Written by: John Letzing
Photo by: Dorothea Bylica
The original Kogo was hailed as one of the first local Italian eateries to properly present bella cucina. But when a second Kogo opened – in a shopping mall, no less – some observers were skeptical.
Two years after Kogo Slovanský dům’s opening, most fears have been assuaged. This has something to do with the fact that Slovanský dům is a more subdued, successfully urbanized version of a shopping mall. But also, quite simply, the restaurant employs a triumphant use of space, somehow managing to cleanly sever the dining room from both the mall and the attached café, which serves a full menu but is allotted for diners only popping in briefly before visiting the adjacent cinema. Some die-hards, however, claim eternal fealty to the old Kogo location on Havelská street. Alas, in a city fast succumbing to worst-of-western culture shopping mall drudgery, a certain reluctance is entirely understandable.
Jovo Savič, Kogo’s co-owner/ operator, is a big, garrulous native of Sarajevo, with slightly graying hair, a youthful gait and beaming brown eyes. Savič opened the first Kogo some eight years ago and, when it came time to consider expansion six years later, much of his vision hinged upon finding that rarest of treasures: centrally located, wide-open green space. Now, glancing out across Kogo Slovanský dům’s sweeping outdoor patio on a particularly sunny day, he cannot resist grinning; “Fantastic,” he says. True enough, the patio here defies the limitations that would seem to have been imposed by being anchored between the National Bank, a mall and an office complex; it is leafy, sunny and, even late-morning on a Tuesday, very quiet. Says Savič: “no cars, no trams, nothing.”
This spirited restaurateur has another reason to grin: Kogo’s Slovanský dům location is now doing a much brisker business than the original. A greater capacity – some 700 seats – may help explain, as does the more accessible location (yes, part of the charm of old Kogo was being virtually buried under a gloomy church, but it was nonetheless hidden from potential walk-ins). In fact, Kogo as a whole is doing so well that another installment is on the way. A new location is due to open any day now in Charles Square Center, the glass-and-steel monolith adjacent to Karlovo náměstí in Prague.
At all Kogo locations, one will find the same menu. It is big, and as given to simple pleasures such as a wonderful caprese salad with properly bulky mounds of mozzarella, as it is to things slightly more involved; a plate of grilled swordfish or dover sole, for example, or a pizza topped with mussels, calamari and shrimp. The menu veers generously toward both carnivore and leaf-eater predilections, with anything from a risotto with porcini mushrooms to roasted veal. Also, and this is the key to much of Kogo’s success to date, the pasta is made fresh here daily, and served al dente (Savič admits, when pressed, that he personally can’t live without the spaghetti frutti di mare).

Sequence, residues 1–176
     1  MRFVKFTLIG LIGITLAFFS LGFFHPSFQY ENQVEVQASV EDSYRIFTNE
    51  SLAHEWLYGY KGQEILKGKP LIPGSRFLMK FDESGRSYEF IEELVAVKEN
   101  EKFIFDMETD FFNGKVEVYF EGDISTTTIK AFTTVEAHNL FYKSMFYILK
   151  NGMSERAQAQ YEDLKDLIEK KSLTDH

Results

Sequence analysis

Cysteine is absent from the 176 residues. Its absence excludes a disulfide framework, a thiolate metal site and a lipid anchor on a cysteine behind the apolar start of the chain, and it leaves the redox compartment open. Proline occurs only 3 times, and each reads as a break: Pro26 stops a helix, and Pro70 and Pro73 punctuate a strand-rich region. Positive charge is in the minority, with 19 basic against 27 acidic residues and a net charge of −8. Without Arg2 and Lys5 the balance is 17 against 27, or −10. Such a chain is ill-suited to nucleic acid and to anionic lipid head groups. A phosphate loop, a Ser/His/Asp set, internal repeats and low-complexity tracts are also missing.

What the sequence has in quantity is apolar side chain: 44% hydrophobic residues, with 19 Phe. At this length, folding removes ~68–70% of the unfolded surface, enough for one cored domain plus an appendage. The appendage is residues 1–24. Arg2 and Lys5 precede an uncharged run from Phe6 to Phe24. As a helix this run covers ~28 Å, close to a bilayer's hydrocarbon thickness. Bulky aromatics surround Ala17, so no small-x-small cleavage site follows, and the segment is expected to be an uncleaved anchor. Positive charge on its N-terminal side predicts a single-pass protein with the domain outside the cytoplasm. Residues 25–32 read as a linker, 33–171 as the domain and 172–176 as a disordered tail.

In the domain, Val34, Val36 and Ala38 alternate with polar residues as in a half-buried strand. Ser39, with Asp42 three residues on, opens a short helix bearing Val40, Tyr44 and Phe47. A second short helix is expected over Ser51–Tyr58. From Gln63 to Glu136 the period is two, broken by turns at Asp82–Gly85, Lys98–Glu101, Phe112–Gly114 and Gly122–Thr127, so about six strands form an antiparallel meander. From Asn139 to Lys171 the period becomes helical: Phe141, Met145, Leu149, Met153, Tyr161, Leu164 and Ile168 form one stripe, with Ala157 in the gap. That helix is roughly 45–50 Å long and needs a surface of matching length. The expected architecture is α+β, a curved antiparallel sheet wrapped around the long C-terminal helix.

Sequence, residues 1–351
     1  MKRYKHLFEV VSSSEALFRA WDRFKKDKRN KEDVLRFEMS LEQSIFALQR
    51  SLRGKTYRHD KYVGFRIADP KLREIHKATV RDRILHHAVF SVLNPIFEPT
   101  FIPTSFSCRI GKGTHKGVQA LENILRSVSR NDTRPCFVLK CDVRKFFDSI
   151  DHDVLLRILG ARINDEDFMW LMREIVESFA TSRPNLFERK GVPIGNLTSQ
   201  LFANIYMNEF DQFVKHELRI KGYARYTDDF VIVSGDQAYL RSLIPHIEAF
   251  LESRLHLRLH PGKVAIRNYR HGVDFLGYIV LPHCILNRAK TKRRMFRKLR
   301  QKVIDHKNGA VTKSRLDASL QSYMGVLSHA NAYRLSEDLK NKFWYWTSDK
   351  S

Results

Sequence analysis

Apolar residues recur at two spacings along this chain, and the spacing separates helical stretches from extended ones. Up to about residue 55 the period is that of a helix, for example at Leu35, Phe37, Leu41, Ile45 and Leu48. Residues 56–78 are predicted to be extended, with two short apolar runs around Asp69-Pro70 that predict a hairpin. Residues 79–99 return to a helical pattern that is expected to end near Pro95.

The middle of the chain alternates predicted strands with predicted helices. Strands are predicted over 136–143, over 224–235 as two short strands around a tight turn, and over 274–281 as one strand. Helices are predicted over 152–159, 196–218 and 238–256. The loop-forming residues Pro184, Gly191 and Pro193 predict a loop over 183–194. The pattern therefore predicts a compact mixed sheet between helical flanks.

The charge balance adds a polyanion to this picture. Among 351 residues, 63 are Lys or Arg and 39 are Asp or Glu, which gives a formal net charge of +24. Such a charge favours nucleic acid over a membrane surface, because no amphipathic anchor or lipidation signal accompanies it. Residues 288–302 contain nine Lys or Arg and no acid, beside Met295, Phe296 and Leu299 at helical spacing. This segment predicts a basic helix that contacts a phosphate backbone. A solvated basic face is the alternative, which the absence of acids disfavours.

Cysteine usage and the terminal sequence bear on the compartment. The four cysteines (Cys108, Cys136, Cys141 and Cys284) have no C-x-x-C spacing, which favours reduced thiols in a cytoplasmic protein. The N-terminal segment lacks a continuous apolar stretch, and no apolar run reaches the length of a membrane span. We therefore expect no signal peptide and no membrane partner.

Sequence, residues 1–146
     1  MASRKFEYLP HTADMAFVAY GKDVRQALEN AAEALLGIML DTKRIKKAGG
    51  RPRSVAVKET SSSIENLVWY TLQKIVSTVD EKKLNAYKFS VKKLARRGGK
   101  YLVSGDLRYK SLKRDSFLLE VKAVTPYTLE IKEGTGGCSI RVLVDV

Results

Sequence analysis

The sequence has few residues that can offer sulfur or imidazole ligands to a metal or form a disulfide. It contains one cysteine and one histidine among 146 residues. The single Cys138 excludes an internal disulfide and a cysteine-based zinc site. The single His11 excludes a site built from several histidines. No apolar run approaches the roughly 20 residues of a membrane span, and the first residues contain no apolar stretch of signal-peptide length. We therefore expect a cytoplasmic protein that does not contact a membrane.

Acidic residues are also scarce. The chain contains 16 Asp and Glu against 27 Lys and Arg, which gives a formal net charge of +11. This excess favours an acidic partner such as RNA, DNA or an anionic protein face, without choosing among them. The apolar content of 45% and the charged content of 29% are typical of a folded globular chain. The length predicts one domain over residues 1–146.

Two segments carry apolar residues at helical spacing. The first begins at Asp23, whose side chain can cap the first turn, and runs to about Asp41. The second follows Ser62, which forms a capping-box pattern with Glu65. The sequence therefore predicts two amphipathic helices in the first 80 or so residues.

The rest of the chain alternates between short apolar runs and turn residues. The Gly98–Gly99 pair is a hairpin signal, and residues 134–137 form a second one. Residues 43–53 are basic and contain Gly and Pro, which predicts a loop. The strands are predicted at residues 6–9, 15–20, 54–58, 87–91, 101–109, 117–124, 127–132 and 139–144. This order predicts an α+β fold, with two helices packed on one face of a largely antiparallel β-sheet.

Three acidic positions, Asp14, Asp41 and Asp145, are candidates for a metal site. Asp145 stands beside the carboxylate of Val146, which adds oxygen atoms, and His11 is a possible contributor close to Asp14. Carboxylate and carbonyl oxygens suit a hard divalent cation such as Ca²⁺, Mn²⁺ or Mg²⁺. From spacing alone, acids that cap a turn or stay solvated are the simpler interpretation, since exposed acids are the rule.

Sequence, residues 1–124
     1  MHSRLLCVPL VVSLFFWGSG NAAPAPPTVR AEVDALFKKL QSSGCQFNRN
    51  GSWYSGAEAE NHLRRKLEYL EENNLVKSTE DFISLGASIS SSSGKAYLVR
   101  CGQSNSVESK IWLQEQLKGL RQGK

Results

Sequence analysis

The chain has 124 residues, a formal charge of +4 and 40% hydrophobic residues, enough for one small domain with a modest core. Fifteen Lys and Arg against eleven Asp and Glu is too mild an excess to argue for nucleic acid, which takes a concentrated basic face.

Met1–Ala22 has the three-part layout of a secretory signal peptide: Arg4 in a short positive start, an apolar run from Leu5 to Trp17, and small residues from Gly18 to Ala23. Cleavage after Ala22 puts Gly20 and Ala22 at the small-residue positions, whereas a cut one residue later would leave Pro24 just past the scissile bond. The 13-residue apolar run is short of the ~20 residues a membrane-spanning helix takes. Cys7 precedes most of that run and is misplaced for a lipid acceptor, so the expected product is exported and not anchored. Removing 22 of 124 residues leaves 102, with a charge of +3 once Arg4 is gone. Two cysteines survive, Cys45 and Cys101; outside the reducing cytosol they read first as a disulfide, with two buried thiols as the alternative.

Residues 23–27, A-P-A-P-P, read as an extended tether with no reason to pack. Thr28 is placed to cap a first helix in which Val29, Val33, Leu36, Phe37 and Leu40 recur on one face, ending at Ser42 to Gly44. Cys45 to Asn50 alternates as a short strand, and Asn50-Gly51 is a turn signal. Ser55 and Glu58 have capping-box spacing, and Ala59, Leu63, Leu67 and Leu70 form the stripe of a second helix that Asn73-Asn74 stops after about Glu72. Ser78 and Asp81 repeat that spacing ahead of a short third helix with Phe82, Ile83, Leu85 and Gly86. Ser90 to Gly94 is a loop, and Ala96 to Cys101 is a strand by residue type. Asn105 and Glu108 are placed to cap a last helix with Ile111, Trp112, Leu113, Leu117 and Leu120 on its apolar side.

There is no executive chef here. Rather, Savič helms the kitchen. “I run the waiters, the kitchen, everything,” he boasts, adding that up until a couple of years ago he was also doing a lot of the cooking. In fact, his energy seems boundless; he even talks about expanding across the ocean and opening a restaurant in San Francisco. It’s difficult to discern if this merely playful bluster – he is, however, going to San Francisco in July to scout locations. Perhaps there, as here, his Balkan hospitality and culinary skills will serve as more than fair stand-in for the Italian variety. Who needs real Italians anyway, when we have a Mr. Savič around.
Kogo Slovanský dům,
Na Příkopě 22,
Praha 1 · Tel: 221 451 260
Open daily 11:00- 24:00
CC: Visa, MC, AmEx
FARTHER AFIELD: Hraniční zámeček
Photo by: Archiv
If your summer travels bring you to southern Moravia, make a bee-line for the Hraniční zámeček hotel and restaurant complex in the Lednice-Valtice area. The castle was originally the summer seat of the Lichtenstein family, which built it at the beginning of the 19th century. It was so named because a little stream passed through it, and still does, and this stream in earlier times created the border between Moravia and Austria. However, today a stylish restaurant and café are located here. Under the vaulted ceilings and murals you can enjoy specialties of both Czech and global cuisine. But on a hot summer day, most people will appreciate the large terrace, which seats twice as many as does the restaurant itself (120). On Friday and Saturday evenings, guests can dance to live music, which is rather unusual to find in eateries these days. Thanks to the lovely countryside and many historical landmarks in the area, Hraniční zámeček is also a nice place to spend a summer weekend.
Hlohovec č. 70
Open: Sun-Thu 7:00-23:00, Fri-Sat 7:00-02:00
MC, Maestro, Visa
|Photo by: Archiv|
Vladimíra Pavlíčková, Facility & Sales Manager, Honeywell
“I definitely prefer eating to cooking, and love Italian, Thai, Japanese, and Korean cuisine. I like many places in Prague, but Hanil has a special flair for me. I usually set up my personal plate of sashimi and drink sake with it. Their Korean dishes are genuine and wonderful…but you have to be patient with the personnel. My other tip is a cosy Italian place – Da Emanuel, which offers both fish and meat menus. Here I really feel spoiled for choice, as all the dishes are as tasty as they sound. My favorites are seabass in salt, grilled calamari and pasta. The restaurant is run by an Italian, and the staff is very helpful and always smiling.”
Hanil, Slavíkova 24, Praha 3, tel./fax: 222 715 867
Da Emanuel, Charlese de Gaulla 4, Praha 6, tel: 224 312 934